A lot of people reduce the estate planning process to the execution of a will or a trust, and this is definitely at the core of the matter. At the same time, there are finer details that should be addressed, and a failure to do so can yield negative consequences.
Let’s look at three of these details that are easy to overlook.
Letter of Final Instructions
There is a human element that you should take into consideration when you are planning your estate. Someone has to complete a number of different tasks to bring your wishes to fruition after you are gone. If you use a will, this would be the executor, and the trustee is the administrator of a trust.
The administrator cannot do their job if they do not have the necessary practical information. You can provide it in a document called a letter of final instructions.
In this letter, you should provide the contact information for professionals and the personal contacts that should be notified about your death. The location of legally binding estate planning documents and deeds, titles, and other relevant paperwork should be shared.
The executor or trustee should be given the access information for your online financial accounts, social media accounts, and websites and blogs if you have them. You can also provide an explanation of your preferred final arrangements.
These are a few things to think about, but there are no rules to follow, and the document is not legally binding. Just ask yourself what the administrator will need to know and record it in a clear, sequential manner in the letter of final instructions.
Advance Directives for Health Care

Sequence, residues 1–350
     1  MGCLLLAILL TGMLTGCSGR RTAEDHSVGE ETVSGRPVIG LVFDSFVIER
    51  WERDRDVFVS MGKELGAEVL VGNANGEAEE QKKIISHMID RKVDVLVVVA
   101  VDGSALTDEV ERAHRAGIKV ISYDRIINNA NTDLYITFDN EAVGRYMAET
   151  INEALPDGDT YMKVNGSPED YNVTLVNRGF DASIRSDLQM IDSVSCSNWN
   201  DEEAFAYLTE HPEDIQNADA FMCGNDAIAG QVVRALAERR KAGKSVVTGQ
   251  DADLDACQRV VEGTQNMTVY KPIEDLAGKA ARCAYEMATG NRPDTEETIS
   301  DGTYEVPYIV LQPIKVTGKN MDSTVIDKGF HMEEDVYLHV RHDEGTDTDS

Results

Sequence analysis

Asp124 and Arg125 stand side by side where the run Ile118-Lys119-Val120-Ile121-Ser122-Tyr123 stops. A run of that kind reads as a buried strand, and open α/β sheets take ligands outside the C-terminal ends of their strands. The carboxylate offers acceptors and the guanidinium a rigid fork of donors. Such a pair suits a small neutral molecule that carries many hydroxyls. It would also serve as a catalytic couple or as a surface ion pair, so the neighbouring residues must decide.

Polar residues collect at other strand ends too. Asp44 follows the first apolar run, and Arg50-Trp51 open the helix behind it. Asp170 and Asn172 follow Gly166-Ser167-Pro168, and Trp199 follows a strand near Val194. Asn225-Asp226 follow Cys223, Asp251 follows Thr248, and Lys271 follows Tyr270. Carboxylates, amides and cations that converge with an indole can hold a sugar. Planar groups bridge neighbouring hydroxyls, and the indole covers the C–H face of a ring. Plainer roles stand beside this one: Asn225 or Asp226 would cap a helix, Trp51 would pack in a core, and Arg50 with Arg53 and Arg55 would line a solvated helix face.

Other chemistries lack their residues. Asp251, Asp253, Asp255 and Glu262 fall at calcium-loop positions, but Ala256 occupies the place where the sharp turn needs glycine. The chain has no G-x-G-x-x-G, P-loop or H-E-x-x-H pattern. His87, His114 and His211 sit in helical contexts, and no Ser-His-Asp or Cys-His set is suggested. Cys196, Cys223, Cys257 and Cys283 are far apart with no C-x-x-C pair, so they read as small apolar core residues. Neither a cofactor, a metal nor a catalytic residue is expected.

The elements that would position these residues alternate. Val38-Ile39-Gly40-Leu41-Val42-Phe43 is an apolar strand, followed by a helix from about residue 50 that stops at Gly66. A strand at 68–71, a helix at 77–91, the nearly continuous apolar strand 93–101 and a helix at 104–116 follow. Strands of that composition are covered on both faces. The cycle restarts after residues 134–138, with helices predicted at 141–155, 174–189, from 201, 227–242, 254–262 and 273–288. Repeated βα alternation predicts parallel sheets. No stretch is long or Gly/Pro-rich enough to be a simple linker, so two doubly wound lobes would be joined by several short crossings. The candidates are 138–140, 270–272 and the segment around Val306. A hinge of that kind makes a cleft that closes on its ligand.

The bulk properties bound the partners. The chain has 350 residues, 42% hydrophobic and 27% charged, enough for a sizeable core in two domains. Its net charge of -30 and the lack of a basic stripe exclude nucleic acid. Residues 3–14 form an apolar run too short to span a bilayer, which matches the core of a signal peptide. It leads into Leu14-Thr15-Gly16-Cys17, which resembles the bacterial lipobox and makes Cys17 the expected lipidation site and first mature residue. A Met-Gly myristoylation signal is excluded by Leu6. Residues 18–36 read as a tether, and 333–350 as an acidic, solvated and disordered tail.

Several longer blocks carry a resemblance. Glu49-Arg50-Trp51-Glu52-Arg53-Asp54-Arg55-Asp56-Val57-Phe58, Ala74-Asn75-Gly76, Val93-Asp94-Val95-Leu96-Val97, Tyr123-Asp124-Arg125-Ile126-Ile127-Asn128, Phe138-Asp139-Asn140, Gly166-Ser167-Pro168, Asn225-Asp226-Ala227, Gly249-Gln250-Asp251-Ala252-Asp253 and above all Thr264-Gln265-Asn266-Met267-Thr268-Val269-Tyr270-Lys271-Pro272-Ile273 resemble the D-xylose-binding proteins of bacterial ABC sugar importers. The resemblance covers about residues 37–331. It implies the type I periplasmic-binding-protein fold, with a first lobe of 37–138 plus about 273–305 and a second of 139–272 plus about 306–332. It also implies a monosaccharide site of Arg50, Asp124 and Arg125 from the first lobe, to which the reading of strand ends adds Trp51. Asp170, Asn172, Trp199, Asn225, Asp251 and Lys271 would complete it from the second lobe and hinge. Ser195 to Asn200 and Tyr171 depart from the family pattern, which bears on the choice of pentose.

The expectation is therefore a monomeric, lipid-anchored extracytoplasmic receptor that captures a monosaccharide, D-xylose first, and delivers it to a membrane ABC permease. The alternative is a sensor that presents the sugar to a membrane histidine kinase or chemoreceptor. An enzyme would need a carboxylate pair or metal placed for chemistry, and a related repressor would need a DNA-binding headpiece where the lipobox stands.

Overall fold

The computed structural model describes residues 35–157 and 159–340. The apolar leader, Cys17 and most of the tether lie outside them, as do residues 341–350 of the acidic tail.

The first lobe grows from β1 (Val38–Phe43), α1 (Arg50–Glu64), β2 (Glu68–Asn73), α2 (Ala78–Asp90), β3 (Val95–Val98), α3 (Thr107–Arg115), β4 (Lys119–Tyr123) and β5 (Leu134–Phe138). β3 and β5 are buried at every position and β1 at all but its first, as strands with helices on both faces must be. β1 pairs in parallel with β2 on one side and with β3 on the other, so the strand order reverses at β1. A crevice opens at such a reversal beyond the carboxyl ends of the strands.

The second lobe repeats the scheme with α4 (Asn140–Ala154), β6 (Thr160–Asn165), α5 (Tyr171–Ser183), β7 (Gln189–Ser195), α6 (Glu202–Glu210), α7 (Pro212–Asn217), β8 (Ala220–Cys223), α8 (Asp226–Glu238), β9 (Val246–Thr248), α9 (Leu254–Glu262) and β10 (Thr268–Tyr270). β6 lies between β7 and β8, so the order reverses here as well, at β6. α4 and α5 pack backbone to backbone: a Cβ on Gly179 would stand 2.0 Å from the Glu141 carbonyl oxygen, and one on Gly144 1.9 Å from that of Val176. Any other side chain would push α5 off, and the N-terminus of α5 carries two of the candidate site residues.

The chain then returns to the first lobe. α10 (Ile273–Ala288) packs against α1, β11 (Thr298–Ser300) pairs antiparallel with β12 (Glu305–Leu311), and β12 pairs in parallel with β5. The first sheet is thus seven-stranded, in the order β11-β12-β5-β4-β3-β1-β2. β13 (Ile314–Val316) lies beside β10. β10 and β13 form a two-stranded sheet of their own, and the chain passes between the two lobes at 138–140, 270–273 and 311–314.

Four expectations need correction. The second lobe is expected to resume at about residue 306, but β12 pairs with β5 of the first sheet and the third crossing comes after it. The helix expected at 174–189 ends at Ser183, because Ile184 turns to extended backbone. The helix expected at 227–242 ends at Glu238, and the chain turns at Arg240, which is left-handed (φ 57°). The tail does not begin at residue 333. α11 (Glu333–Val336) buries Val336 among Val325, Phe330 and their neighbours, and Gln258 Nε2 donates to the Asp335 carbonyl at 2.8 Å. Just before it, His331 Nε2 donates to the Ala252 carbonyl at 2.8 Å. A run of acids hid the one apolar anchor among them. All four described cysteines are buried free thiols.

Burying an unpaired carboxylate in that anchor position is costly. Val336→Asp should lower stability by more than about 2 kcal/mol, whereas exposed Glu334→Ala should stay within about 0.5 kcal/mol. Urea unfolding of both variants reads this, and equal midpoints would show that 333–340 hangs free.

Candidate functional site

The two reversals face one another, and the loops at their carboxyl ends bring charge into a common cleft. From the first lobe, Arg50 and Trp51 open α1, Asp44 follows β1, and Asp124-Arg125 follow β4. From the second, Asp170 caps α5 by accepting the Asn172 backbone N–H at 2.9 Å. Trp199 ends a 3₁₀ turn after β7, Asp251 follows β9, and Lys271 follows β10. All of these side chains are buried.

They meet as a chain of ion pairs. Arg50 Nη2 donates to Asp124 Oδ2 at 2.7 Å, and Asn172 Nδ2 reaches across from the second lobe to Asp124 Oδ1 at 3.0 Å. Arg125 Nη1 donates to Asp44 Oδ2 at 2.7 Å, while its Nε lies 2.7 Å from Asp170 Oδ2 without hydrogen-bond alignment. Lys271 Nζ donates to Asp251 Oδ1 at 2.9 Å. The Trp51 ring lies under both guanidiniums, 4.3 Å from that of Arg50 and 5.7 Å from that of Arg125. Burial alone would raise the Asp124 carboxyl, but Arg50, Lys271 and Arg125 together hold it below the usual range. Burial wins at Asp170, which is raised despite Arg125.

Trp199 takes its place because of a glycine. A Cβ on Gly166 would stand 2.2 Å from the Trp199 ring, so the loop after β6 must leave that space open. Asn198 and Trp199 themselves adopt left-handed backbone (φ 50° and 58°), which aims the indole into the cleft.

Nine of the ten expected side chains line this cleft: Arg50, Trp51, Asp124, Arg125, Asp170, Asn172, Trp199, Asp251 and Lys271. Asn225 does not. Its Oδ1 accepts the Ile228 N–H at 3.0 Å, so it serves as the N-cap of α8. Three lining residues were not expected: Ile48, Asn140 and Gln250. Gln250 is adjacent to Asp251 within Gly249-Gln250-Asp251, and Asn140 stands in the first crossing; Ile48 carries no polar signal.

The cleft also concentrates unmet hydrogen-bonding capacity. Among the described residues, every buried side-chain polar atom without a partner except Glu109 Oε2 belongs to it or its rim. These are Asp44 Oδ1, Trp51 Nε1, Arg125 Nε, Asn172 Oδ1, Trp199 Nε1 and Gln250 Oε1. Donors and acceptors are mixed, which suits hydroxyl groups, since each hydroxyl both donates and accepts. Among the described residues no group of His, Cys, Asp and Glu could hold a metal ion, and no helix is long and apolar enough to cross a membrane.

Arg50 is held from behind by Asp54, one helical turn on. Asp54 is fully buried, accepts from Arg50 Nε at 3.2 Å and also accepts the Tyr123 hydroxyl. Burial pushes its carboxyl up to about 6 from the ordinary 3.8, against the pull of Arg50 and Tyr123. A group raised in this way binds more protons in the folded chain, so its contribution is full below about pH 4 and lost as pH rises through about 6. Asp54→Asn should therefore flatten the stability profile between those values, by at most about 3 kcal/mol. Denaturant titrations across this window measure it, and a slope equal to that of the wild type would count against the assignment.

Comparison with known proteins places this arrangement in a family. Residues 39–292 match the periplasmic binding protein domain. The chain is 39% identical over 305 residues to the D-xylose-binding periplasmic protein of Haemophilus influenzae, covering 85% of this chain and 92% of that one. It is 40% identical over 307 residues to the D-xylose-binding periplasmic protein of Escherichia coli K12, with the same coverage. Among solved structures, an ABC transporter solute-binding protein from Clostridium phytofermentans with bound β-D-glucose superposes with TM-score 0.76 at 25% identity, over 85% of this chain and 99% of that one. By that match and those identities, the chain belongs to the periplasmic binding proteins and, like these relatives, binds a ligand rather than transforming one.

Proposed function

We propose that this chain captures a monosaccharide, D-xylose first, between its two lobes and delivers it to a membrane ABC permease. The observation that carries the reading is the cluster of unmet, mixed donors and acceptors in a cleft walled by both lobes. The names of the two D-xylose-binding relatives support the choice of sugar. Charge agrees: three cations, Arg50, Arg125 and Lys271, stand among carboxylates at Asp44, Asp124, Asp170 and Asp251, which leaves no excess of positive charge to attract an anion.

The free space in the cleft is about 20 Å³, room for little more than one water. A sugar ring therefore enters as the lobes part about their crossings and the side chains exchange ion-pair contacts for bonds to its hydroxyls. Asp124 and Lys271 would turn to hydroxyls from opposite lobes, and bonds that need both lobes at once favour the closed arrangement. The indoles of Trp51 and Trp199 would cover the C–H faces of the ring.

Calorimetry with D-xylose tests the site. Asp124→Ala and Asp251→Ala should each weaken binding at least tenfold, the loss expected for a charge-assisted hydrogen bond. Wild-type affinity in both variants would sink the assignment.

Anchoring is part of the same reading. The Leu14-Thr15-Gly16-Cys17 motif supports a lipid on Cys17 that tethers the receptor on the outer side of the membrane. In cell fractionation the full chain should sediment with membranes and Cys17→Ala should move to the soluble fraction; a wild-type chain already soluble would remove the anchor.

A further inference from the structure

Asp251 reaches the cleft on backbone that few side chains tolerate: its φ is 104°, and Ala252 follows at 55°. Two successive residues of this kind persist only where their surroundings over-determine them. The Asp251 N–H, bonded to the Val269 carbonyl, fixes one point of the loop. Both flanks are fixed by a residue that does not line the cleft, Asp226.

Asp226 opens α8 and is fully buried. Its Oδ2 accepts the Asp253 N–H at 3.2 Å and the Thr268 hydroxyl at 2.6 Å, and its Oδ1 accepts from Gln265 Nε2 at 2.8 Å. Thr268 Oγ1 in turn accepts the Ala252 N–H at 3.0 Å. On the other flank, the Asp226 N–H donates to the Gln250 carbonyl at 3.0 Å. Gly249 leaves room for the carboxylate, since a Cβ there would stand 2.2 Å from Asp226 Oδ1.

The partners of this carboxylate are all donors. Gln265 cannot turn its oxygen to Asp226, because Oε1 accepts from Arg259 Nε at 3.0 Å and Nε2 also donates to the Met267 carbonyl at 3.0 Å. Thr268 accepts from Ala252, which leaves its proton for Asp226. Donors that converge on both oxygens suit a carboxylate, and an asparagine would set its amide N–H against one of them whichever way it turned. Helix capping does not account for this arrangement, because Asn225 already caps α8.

Financial matters are definitely important, but you should also prepare for eventualities that you may face toward the end of your life. Many people become unable to communicate due to medical conditions, and you can use advance directives for health care to address this possibility.
One of the directives is a durable power of attorney for health care. This type of power of attorney would remain in effect in the event of your incapacity, so the “durable” designation is significant. You name an agent to make medical decisions on your behalf in this directive.
An accompanying document is a Health Insurance Portability and Accountability Act (HIPAA) release. You can use one of these forms to give the agent the legal right to access your health care records and speak freely with your doctors.
Another directive that should be part of the plan is a living will. In this type of will, you record your life-support decisions. You can itemize each different life-sustaining method that can be utilized if you choose to do so, and you can add organ and tissue donation preferences.
When you fill out life insurance forms and the paperwork that goes along with your individual retirement account and payable on death accounts, you name beneficiaries. Over the years, things can change, so you should make sure that your beneficiary designations reflect your current wishes.
There is also the matter of successor beneficiaries. The administrators that guide people through the signing process may never mention the concept, but you have the right to name successor beneficiaries. You should take this step, because it would facilitate a smooth transition if the primary beneficiary was to pass away.
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The sessions are offered free of charge, and you don’t have to go anywhere to join us, so this is a great way to invest a bit of spare time. You can visit our webinar page to see the dates, and when you identify the session that works for you, follow the simple instructions to register.
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If you are ready to work with an attorney to put an estate plan in place, we are here to help. You can send us a message to request a consultation appointment, and we can be reached by phone at 248-251-1001.